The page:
Local News

  • Lebanon June Jam

    Crowds gathered to enjoy the Lebanon June Jam Friday. There were musicians, rappers and a speaker for the event. The show started with Josh Poynter who played two songs before introducing the rapper Chrys Jones. Jones rapped with intensity and spoke about his life in between songs. The band, 3:30, headlined the evening, offering praise and worship songs. During an intermission, Janice Baker spoke for a few minutes about her life and challenged the crowd to better themselves before 3:30 came out to finish the show.

  • Maker’s Mark makeover

    Eric Henn, an internationally-known muralist, painted a Maker’s Mark whiskey bottle on the City of Lebanon’s water tower, signifying Marion County as the home of Maker’s Mark Distillery, the county’s No. 1 tourist attraction. After delays due to poor weather conditions, the project is now complete.

  • Interim principal hired for MCHS

    Marion County High School will be led by Interim Principal Tom Brown during the 2016-17 school year.
    The MCHS Principal Selection Committee selected Brown to serve as the interim principal and Marion County Superintendent Taylora Schlosser made the announcement Thursday evening.
    “Mr. Brown is a 27-year retired teacher and administrator with various experiences as a teacher, coach and principal,” Schlosser wrote in an email to the Enterprise.

  • Kentucky ponders use of private prisons

    By Morgan Watkins
    The Courier-Journal

    As Kentucky’s prison population rises and county jails become overcrowded, the state may reopen a pair of private prisons to temporarily take in more than 1,600 inmates.
    The state stopped housing inmates in private prisons in 2013, but there has been unexpected growth in the number of state prisoners over the last seven months, Justice and Public Safety Cabinet Secretary John Tilley said. State prisons are at capacity, and county jails are housing a record number of state inmates.

  • Marion County has its own probation and parole office now

    Several years ago, Junior Adams of Lebanon was giving a friend a ride to the probation and parole office in Campbellsville when he noticed several people walking alongside the highway. He wondered why they were walking and soon found out it was because they, too, needed to meet with their probation officer but didn’t have transportation.
    “I thought this is a doggone shame that people have to come over here,” Adams said.

  • Rigdon appeal before Supreme Court

    Lawyers for a Marion County man convicted in the September 2012 slaying of Gleason Pyles in Dunnville are asking the Kentucky Supreme Court to reverse the murder conviction and order a new trial.
    William Robert “Bobby” Rigdon was sentenced in September 2015 to 38 years in prison for shooting Pyles three times at the Tarter pallet mill in Dunnville, where Pyles was employed.
    The prosecution contends Pyles’ murder was over a debt on a motorcycle and the way Pyles left the Iron Horsemen motorcycle club.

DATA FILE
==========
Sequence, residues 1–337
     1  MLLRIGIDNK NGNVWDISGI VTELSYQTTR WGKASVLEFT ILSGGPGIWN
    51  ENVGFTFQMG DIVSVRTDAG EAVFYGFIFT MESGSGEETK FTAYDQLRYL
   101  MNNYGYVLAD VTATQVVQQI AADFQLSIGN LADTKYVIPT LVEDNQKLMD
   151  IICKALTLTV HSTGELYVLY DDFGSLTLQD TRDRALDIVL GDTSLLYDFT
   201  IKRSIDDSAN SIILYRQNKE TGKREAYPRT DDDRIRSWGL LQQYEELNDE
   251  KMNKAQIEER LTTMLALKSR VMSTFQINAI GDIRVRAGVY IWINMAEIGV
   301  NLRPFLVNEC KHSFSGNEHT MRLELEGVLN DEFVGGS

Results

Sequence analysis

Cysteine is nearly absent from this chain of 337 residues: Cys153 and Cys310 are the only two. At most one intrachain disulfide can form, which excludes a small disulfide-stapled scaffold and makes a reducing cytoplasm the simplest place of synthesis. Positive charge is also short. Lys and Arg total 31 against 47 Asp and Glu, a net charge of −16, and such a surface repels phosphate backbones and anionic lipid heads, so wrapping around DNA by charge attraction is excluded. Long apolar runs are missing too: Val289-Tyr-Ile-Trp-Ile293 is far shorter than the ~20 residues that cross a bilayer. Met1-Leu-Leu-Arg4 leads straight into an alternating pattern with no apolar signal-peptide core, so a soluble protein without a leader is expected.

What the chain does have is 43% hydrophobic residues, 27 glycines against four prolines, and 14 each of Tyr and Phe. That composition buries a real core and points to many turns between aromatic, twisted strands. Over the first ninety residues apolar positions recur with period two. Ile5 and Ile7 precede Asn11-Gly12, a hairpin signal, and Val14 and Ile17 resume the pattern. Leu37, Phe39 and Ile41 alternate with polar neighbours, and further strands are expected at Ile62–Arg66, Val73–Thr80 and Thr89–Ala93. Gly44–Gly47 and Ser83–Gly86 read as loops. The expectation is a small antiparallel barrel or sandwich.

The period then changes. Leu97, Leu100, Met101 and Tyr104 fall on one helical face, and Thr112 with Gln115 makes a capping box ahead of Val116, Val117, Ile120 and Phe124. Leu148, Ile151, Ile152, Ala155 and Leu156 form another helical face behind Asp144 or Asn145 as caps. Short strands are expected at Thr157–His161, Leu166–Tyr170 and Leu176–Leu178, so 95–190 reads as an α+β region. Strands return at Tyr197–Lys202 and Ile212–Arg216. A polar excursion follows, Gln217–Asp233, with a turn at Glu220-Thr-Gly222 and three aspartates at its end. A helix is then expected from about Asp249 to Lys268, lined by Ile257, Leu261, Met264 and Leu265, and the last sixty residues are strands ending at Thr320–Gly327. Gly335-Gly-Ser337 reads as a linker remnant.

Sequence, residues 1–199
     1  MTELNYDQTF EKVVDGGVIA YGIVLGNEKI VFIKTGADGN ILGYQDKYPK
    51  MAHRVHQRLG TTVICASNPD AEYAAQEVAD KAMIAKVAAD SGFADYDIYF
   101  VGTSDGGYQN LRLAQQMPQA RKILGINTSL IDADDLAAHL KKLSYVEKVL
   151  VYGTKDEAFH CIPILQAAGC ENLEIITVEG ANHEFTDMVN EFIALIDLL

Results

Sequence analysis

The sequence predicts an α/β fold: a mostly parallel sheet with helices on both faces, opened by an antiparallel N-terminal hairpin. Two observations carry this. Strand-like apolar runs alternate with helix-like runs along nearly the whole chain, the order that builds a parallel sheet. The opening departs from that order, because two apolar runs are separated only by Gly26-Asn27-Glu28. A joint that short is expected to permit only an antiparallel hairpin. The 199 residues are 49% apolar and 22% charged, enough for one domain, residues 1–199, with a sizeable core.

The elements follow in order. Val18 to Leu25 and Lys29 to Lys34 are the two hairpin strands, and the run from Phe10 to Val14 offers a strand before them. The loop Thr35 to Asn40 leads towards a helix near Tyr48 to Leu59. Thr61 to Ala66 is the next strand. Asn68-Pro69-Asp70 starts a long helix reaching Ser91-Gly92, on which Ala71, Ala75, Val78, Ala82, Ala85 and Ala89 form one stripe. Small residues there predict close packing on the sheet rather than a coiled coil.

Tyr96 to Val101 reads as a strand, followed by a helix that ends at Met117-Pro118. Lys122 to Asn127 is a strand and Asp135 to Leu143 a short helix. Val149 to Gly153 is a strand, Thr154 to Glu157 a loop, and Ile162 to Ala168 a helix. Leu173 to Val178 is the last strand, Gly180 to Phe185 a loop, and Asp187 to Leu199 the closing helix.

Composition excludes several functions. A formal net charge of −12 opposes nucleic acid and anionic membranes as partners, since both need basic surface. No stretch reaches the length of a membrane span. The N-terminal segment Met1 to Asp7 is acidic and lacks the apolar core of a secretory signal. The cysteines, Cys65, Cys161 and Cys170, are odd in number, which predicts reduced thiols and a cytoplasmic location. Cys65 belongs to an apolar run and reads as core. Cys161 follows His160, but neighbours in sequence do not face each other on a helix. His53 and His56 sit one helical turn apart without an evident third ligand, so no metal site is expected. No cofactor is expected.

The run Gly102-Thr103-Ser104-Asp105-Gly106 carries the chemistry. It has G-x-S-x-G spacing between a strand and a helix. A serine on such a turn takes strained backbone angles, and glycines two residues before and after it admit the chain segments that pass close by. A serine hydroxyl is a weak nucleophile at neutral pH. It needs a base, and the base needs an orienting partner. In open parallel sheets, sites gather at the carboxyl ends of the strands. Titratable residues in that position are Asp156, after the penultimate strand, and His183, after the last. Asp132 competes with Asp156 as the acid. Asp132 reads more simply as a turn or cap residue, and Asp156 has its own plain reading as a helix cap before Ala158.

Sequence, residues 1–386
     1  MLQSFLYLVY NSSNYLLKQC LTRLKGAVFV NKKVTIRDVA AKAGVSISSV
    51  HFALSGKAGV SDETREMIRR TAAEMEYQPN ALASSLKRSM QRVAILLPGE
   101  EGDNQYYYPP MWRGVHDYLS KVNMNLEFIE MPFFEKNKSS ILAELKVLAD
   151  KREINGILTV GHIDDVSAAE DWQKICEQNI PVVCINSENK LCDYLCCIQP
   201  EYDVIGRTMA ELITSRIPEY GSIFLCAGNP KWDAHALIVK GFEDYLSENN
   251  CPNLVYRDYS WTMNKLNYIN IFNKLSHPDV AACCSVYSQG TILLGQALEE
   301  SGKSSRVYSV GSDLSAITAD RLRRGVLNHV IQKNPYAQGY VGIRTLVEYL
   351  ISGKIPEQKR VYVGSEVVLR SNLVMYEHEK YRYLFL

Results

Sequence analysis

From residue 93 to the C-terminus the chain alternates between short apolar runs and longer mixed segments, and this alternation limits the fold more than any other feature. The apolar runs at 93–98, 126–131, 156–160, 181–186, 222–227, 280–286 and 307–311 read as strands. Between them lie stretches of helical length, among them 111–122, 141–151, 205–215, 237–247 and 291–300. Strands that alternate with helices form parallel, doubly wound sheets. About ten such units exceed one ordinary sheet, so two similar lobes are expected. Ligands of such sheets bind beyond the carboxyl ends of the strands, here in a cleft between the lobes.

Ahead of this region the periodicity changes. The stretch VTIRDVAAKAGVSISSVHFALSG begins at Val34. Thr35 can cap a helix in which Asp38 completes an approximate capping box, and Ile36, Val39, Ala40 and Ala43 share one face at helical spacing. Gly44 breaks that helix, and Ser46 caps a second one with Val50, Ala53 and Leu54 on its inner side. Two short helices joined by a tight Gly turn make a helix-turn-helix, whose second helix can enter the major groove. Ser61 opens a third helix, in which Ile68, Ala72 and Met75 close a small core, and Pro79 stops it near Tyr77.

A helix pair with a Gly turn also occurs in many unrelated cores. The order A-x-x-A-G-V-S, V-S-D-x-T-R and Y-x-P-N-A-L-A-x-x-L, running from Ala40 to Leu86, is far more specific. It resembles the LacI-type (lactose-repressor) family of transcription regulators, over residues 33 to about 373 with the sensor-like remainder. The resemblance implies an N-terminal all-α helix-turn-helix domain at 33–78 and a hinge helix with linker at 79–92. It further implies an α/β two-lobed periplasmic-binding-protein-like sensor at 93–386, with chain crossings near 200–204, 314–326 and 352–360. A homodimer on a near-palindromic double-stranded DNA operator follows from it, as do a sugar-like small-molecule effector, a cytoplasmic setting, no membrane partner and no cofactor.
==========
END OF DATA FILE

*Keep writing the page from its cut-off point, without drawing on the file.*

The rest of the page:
• Locals raise stink over smell in Lebanon

    On the first night of summer, Jeremy Bowman of Lebanon wanted to go outside with his daughter and tend to their garden, but he said he couldn’t because the smell was so bad. He described it as sulfuric and that it was so potent it burned his eyes.
    “It smells like sewage or gas,” he said. “It’s just disgusting.”

  • A true patriot

    By McKenna Dosier
    Summer Intern

    William "Buster" Mattingly passed away at 90 years old on June 14, after a life of service to his country and his family.
    In 1944, just a few years after President Franklin Roosevelt signed an executive order requiring the armed forces to allow anyone to serve, regardless of race, Mattingly joined the Marine Corps and was sent to North Carolina,.

  • Former principal named MCPS director of exceptional child education

    Education has always been a passion for Shelley Badgett, and as the new director of exceptional child education for Marion County Public Schools, she has found her dream job.
    Originally from Canada, Badgett got her degree in elementary education and then moved to the United States in 2000. She then got her masters degree in special education from Campbellsville University. But she knew administration was in her future.

  • Flexibility is key for new city hall

    When the design team created the plans for the new city hall in Lebanon, they wanted the building to represent transparency, strength and stability. Beyond what the building represents, however, they wanted a place the community would be proud to call theirs.
    According to Lindsey Tudor, the director of marketing for Murphy+Graves+Trimble, PLLC (MGT), flexibility was the key cornerstone when creating the designs for the new city hall. She stressed that the new facility will have a long future ahead of it.